“Basically, we just dropped the weight down (the flue) to take the blockage out so the smoke could get out,” he said. “Everything else seemed to be fine after that.”

The homeowner was advised to have her flue checked, Green said.

“They just told her to not use her wood furnace until she has it checked and cleaned.”

To avoid flue fires, Green recommends not using wet or damp wood.

“If they’re using dry wood, usually they don’t have too much trouble.”

Fire Chief Craig Bowser suggests people also make sure there isn’t a buildup of creosote in their chimney liners.

“They need to make sure they’re cleaned once a year.”

Depending on how often the fireplace is used, it may also need to be cleaned out a second time, Bowser said.

“Even then, people still need to monitor them.”

A new post of mine has been published at the myUsearch blog. I really enjoyed writing this article. I included a lot of my own personal experiences and it was just nice to write a good old-fashioned college article again. Click the link below to give it a read:

10 Tips For College Freshmen

Also, WordPress (which I usually strive to recommend to other bloggers as a great place to host a blog) has deactivated Kill Jill Goes To College because they seem to think the blog is meant for selling affiliate links and promoting other websites.

Gee. Last year, Kill Jill was named Blog of the Day by WordPress. Now it’s deactivated. How ironic.

So, if someone at WordPress is reading this post, I ask that you reinstate Kill Jill. I’m a poor college student who, yes, makes a few bucks from some small ads. I’ve been getting a lot of visitors lately because of a giveaway I’m doing with HP. That’s probably why your people think I’m up to no good. I ask you to reactivate my blog because I did nothing wrong. Thanks.

TRURO – Roxanne Beavers of Lower Onslow said she’d like to nurse her seven-month-old son for at least a year.
Medically, she’s golden. But statistically, she’s going against the grain.
Many moms are choosing to stop nursing their babies sooner than they perhaps should, despite increasing breastfeeding rates for 20 years.
A recent survey by Maternity Experiences Study Group, the Public Health Agency of Canada and Statistics Canada, showed 90 per cent of women planned to breastfeed their babies longer than six months – but only 14 per cent of those women actually did so.
“A lot will depend on work, and a lot will depend on him,” Beavers said, referring to her son Oliver.
Many women have to stop breastfeeding earlier than planned for health reasons, too.
“Usually it’s a physical as opposed to an emotional choice,” Beavers said.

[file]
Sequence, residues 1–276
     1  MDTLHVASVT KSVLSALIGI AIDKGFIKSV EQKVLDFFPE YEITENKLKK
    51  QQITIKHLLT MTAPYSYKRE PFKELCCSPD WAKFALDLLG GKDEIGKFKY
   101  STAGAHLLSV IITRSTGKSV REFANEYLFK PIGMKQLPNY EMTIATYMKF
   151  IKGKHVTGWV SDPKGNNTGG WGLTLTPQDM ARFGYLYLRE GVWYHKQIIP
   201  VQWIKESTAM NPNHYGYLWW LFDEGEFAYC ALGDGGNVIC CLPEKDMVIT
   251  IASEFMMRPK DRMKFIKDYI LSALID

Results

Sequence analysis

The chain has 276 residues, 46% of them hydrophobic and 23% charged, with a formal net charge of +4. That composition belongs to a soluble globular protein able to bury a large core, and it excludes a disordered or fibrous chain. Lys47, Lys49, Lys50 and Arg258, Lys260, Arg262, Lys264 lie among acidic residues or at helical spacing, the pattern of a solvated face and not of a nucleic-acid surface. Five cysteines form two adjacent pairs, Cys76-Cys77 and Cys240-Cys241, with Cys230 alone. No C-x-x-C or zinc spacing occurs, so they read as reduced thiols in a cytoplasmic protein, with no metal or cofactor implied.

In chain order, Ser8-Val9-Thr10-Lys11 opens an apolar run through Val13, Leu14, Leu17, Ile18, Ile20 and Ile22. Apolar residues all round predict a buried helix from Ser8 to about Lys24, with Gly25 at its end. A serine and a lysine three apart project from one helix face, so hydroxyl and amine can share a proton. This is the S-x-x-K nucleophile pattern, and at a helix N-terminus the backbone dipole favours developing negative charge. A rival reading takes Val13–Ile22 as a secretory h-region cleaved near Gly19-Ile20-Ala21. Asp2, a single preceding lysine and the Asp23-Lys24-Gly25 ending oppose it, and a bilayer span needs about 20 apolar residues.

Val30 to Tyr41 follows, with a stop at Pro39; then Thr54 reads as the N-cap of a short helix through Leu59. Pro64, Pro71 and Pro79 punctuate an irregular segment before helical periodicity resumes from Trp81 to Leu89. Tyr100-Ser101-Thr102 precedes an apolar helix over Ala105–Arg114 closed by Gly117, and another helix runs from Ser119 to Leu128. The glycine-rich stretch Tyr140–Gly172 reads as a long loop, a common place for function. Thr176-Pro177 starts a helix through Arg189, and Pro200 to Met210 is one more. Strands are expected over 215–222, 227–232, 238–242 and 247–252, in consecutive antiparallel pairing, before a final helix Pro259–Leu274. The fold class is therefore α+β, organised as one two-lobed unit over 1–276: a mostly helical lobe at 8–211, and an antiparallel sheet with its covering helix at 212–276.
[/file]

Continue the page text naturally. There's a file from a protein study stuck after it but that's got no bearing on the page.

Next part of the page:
Communities – and hospitals in particular – need to be more supportive of breastfeeding, Beavers said. A ‘nurse-in’ was staged in February at the IWK Health Centre in Halifax after a woman was told to “cover up” while breastfeeding her baby.
Beavers said she tries to cover up in public while nursing but wishes she didn’t have to worry about not exposing anything.
“But what does it matter? It’s food – the original fast food.”
Workplaces, too, need to be more supportive of breastfeeding and allow mothers to pump milk at work.
“Pumping will keep your supply up,” said Beavers, 32. “If you’re only nursing a few times a day, I think it’s harder to keep going.”
Janet MacNeil, mother to eight-month-old Georgia, said the statistics of women breastfeeding long-term are discouraging but she understands why some women can’t do it.
“Some people have to go back to work or they just feel the baby is ready to move on,” said MacNeil, 35.
The Onslow Mountain resident said starting out nursing can be daunting. “If you make it to six weeks, you’re doing good.”
Kathie Sutherland, a parent educator and co-ordinator at Maggie’s Place in Truro, suggests more support groups and more information for new mothers are the keys to improving duration rates.
“The goal is that every baby be breastfed, exclusively for six months, and continue breastfeeding for two years, as the World Health Organization recommends,” said Sutherland.
She cites negative connotations and myths about breastfeeding as some possible reasons why women choose not to breastfeed long-term.
“In North America and western cultures, that’s not the norm,” she said. “There’s still lots to be done to inform people and to advocate for babies and mothers.”
The health benefits of long-term breastfeeding can do wonders for a baby, Sutherland added.
“The longer babies are breastfed, the stronger those benefits are and the longer they last.”
But the health benefits of breastfeeding don’t only benefit baby – but mom, too.
“Many people think of breastfeeding as being hard on a woman’s body but while you’re breastfeeding, you absorb calcium and other nutrients very efficiently,” Sutherland commented. “Most women don’t know about these things.”
Unfortunately, Sutherland said, the longer you breastfeed your baby, the less community support you’ll probably get.
“The challenges of breastfeeding change as the baby gets older.”
Maggie’s Place is a support centre for families with young children and babies. The next breastfeeding support group at Maggie’s Place is scheduled for Monday, May 4 at 10-11:30 a.m. For more information on breastfeeding, visit the La Leche League of Canada’s website at http://www.lllc.ca.

(This was published in the April 13, 2009 edition of the Truro Daily News.)

See no evil

April 10, 2009

maggie-blind-dog3

Dog doing fine after eye removal surgery and wandering away from home late last year

NOEL – It’s been a few months since Maggie the blind dog wandered away from her home at Foggy Hollow Farm in Noel, Nova Scotia.
The 14-year-old Boston Bull Terrier returned after 11 days, weighing five kilograms underweight. Maggie was treated at the Truro Veterinary Hospital by Dr. Gwen Mowbray-Cashen.
‘The Grand Old Lady of Foggy Hollow’, as owner Marjorie Densmore affectionately nicknamed her, still resides at her owners’ commercial flower farm.
Maggie rules the roost at Foggy Hollow but had both eyes removed because of an ulcer on one and the risk of ulcer to the other.
“She is now sightless,” Densmore said. “There was no sight before – they were just there.”